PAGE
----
Atmospheric rivers are torrents of tropical water vapor that carry copious amounts of rainfall to America's western shores via fall and winter storms — and hold as much water as 27 Mississippi Rivers! They are a critical boon for maintaining water supplies along parts of the West Coast, but sometimes they're too much of a good thing, and relentless rains can lead to extensive flooding and mudslides.
F. Martin Ralph and a team of researchers at the Center for Western Water and Weather Extremes at Scripps Institution of Oceanography, University of California San Diego, have recently developed a rating system to help emergency planners and water managers plan for atmospheric rivers.
Using data gleaned from satellites and computer forecast models, meteorologists first estimate the amount of water vapor each storm system carries through a measurement called Integrated Water Vapor Transport (IVT). The greater the IVT, the greater the potential for heavier rains.
Then by calculating the expected storm's duration and localized impacts on a region, they will rate the atmospheric river on a scale of 1-5, with '1' considered "weak" up to a '5' that is regarded as "exceptional."
But this AR rating system is different than traditional 5-point storm scales like the Enhanced Fujita Scale for measuring tornadoes or the Saffir-Simpson scale that rates hurricanes. Both of those scales use the storm's intensity as the primary criteria for assigning its rating, and the storms get the same rating across its affected area — the eyewall of a hurricane receives the same rating as areas nicked by the storm’s outer bands.
But the AR scale also factors a storm's duration and proximity to the storm when establishing a rating.
Meteorologists base the initial AR rating on the forecasted IVT at the storm’s landfall and assume the storm will last 24-48 hours. The scale uses 250 kilograms of vapor per square meter as the minimum criteria for an atmospheric river. Each increase of 250 kg/ms moves the rating up a category. So 250-500 IVT is a Category 1, 500-750 is a Category 2, etc. Anything over 1,250 is considered a Category 5.
But as mentioned before, the duration plays a role in the rating. If a storm is expected to last more than 48 hours, it will move up a rung on the scale, while any storm that is expected to blow through in less than 24 hours will be downgraded a rung.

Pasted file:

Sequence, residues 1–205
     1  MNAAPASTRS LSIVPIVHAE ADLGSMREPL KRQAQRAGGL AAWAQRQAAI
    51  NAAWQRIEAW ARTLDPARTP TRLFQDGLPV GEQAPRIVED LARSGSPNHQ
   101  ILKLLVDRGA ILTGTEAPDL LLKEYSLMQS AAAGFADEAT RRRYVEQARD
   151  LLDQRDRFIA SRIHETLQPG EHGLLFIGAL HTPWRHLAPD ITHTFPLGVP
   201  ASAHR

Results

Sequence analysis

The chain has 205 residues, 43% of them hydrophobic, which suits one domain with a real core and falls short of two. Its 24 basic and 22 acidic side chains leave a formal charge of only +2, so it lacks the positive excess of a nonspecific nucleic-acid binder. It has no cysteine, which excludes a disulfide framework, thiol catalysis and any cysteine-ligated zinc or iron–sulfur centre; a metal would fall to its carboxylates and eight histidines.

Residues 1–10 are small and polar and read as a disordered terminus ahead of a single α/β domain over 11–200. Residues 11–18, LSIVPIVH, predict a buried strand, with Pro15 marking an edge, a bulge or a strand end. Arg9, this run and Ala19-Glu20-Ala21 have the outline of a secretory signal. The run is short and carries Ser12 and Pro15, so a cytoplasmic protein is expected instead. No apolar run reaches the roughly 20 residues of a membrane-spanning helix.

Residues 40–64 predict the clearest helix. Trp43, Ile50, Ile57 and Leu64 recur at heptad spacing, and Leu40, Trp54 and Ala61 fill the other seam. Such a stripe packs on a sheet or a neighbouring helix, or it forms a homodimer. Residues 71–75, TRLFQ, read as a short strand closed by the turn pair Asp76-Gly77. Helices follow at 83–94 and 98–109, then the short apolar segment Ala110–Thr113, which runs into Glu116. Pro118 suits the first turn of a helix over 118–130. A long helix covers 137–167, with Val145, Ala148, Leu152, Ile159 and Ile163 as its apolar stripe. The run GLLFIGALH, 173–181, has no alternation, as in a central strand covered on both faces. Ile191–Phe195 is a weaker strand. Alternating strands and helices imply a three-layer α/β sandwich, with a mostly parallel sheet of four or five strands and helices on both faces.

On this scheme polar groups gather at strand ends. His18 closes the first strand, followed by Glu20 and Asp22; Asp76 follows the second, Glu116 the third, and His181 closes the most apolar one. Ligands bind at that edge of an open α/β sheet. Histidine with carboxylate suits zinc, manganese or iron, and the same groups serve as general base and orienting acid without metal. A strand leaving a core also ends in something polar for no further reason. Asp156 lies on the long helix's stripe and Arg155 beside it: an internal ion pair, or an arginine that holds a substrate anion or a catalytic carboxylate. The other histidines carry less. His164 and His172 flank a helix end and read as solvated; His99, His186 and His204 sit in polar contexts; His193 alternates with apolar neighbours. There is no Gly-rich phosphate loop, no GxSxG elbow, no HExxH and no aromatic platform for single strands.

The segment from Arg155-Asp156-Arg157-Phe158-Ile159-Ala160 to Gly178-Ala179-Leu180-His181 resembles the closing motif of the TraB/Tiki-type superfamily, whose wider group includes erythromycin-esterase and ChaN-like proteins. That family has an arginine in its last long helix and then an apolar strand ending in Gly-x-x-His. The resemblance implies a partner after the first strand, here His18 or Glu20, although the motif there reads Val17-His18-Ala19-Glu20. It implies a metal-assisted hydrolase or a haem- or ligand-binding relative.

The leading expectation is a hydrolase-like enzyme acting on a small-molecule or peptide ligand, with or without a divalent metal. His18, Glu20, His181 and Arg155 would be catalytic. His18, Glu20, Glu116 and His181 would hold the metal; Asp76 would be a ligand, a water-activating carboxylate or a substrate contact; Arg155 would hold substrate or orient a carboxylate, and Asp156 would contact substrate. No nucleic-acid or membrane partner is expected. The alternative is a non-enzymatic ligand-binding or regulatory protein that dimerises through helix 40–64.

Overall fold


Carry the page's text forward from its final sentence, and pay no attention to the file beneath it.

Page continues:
Not all ARs are bad
The other unique aspect of the scale: Acknowledging some storms are beneficial. Atmospheric Rivers make up half of California's annual rainfall, and without them, an extreme drought would follow. To that end, forecasters consider a category 1 or 2 atmospheric river primarily beneficial. A storm rated AR2 that hit Northern California in November 2016 brought several inches of rain that helped replenish low reservoirs after a drought.
A category 3 is considered both helpful in some ways and potentially harmful in others, such as replenishing reservoirs but also causing some flooding issues.
Once you reach categories 4 and 5, it means those storms can do more harm than good (with category 5's considered "primarily hazardous.") An AR5 hit the central California Coast on Dec. 29, 1996, lasting 100 hours and causing over $1 billion in damages.
"(Level) 1's and 2's are largely beneficial, you know, we depend on our heavy rains, sometimes for our water supply," Ralph told FOX Weather. "But the 4's and 5's can become hazardous and produce tens to hundreds of millions of dollars of damage at times. We have the scale to help distinguish the two and communicate to the public and decision makers what the sort of magnitude of the incoming storm might be."
And finally, one storm will have multiple ratings depending on geographic location and expected impact from the storm. Atmospheric rivers, while powerful, can sometimes be relatively narrow, with effects lessening as you head away from the storm's "fire hose." The place where a significant AR is making landfall might be deemed to prepare for a Category 5 event, while locations a few dozen miles away may be given a Category 4… with Category 3 in spots farther away… then 2 and 1 toward no rating.
For example, San Francisco could be deemed inside a Category 5, while the North Bay may be inside a Category 4 with impacts dropping to a Category 2 by Crescent City to the north and San Luis Obispo to the south.
Ralph said that the scale "could provide a crucial tool to officials with an operational need to assess flood potential in their jurisdictions before storms strike."
Who receives the most ARs?
Their research found that Oregon is home to the most frequent hazardous ARs, averaging one AR4 or 5 a year, while Washington averages one of that magnitude about every two years.
The Bay Area in central California gets an AR4-5 once about every three years, while one that substantial dips south into Southern California about once a decade -- though Southern California does typically get storms as intense as an AR2 or AR3 each year.